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Surface topography (ST) has been proposed to monitor changes in spinal and rib cage deformity in adolescent with idiopathic scoliosis. The changes in ST parameters used to monitor scoliosis should be related to scoliosis progression and not to changes in torso shape occurring with growth. The objective was to determine the correlation between growth indicators and full-torso surface topography parameters in healthy teenagers.
We included 67 pain-free healthy volunteers (49% females), 10 to 18 years old, with a body mass index of 19.8±2.7kg/m2, and scoliometer reading of 3.2° ±1.7° . Four Minolta 910 Laser Scanners and a positioning frame were used to record ST scans. One evaluator positioned subjects with arms at 30° of elevation, marked 15 landmarks, and scanned twice. ST parameters from both scans were extracted in Matlab by one evaluator digitizing landmarks and averaged. Age, height, and weight were self-reported. For 6 published parameters, we calculated the 10th to 90th percentile range for the values extracted from 54 cross-sections of the torso. The Global apparent asymmetry and 7 new angle measures representing scapula position and rib cage shape were also extracted. Pearson correlations were estimated between growth indicators (age, height, weight and BMI) and ST parameters.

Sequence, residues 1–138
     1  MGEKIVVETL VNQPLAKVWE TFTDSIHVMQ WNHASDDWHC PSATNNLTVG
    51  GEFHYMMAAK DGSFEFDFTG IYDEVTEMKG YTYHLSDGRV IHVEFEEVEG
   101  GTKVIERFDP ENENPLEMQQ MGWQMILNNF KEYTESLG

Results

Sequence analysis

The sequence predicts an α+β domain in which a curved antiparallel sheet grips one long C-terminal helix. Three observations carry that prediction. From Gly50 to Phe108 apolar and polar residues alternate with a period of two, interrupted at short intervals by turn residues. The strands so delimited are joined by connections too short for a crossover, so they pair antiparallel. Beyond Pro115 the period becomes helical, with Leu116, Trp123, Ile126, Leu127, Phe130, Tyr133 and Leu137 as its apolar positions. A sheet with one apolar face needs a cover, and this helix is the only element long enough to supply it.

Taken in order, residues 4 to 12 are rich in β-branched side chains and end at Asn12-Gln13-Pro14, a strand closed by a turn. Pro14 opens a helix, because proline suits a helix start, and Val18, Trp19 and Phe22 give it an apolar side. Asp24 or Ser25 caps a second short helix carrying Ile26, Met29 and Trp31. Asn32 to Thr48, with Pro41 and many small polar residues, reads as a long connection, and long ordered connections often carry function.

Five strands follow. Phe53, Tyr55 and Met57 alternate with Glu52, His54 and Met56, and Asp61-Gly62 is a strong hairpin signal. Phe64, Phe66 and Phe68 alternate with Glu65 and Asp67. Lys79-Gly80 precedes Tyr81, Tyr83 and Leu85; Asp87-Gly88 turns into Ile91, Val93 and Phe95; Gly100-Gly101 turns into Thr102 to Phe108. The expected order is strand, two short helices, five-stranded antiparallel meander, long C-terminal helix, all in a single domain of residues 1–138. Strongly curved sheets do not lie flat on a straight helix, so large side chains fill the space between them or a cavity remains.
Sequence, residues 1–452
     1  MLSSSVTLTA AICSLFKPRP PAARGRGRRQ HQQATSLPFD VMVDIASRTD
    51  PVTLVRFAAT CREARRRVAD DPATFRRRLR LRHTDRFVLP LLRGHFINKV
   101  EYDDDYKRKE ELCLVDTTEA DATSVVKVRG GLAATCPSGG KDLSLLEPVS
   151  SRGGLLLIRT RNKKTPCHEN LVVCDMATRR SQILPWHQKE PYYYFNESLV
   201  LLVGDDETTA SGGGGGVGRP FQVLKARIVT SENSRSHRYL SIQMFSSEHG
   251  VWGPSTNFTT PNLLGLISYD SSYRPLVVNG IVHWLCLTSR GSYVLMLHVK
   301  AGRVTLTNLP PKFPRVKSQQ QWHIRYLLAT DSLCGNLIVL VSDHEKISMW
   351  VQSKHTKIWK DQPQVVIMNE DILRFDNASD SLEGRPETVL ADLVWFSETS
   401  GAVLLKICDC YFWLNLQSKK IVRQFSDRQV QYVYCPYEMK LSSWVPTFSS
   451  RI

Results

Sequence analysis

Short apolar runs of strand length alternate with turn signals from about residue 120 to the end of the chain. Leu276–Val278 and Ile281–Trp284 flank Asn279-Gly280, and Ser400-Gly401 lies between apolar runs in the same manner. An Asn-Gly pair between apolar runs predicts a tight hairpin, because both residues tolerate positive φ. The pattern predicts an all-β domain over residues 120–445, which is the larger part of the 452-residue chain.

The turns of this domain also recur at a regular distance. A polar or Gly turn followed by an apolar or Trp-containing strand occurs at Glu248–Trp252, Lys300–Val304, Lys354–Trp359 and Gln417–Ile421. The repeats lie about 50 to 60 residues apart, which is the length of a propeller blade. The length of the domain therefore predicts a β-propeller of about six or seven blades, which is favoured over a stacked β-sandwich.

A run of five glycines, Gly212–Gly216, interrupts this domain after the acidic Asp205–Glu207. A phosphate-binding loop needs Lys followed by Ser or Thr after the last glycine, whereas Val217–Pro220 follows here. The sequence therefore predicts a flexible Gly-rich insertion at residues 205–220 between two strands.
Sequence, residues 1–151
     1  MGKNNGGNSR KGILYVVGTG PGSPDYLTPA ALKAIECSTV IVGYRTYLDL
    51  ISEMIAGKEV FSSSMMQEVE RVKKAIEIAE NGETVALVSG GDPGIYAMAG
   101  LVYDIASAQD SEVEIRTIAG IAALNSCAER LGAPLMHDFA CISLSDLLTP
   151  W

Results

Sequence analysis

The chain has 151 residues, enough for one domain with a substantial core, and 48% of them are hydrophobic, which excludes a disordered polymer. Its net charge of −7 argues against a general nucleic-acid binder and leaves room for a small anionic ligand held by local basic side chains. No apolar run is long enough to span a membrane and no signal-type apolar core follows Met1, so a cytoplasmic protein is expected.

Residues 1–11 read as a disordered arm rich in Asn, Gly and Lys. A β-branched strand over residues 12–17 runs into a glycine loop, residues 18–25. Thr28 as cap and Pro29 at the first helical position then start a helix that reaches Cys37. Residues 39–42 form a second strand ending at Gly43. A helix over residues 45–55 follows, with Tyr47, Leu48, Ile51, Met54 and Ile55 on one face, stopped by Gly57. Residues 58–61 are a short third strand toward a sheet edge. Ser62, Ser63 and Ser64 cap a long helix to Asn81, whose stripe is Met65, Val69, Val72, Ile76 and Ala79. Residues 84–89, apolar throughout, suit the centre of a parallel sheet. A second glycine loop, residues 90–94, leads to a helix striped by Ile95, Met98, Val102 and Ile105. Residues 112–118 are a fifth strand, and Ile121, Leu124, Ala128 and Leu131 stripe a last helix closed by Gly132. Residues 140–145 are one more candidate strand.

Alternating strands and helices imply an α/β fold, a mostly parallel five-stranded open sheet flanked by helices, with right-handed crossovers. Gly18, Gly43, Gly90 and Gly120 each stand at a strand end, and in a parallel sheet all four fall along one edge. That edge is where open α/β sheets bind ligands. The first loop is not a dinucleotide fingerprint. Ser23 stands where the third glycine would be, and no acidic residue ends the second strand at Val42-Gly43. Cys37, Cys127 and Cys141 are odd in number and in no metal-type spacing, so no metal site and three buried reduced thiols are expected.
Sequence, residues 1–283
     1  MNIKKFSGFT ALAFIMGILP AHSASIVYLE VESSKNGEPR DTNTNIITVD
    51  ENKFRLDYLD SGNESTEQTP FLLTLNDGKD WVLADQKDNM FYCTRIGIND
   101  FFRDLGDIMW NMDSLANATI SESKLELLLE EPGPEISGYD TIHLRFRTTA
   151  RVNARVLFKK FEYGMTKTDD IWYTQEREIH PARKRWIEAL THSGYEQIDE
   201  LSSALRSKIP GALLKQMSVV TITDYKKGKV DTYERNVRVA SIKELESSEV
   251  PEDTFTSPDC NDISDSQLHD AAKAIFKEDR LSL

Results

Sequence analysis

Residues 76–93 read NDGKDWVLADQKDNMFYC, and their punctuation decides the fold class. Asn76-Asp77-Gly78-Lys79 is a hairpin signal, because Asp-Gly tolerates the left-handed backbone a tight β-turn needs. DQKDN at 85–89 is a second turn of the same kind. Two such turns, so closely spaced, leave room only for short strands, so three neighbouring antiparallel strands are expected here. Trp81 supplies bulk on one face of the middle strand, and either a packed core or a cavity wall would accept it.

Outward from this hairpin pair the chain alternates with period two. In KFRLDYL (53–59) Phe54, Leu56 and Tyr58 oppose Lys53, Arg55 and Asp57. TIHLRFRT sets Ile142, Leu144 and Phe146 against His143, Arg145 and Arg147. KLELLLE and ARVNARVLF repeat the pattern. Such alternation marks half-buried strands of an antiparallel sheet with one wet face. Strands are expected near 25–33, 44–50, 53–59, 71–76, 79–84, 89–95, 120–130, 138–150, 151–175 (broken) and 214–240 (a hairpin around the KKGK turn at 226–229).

Only 7 of 56 possible correlations between growth indicators and surface topography reached significance. Significant coefficients varied between r= -0.27 and 0.34. Growth indicators explained at best 11.6% of the variance in the ST parameters. Regression diagnostics and scatter plots identified 1 to 6 influential subjects responsible for the significant correlations.
Our results suggest that changes in the ST parameters in growing teenagers should be interpreted as NOT related to growth and may represent scoliosis progression. The results from this crosssectional study support the validity of full-torso ST parameters tested. A longitudinal study is needed to confirm these findings.
Common and newly proposed full-torso ST parameters were not influenced by growth indicators. Findings may help interpret changes in ST in patients with scoliosis.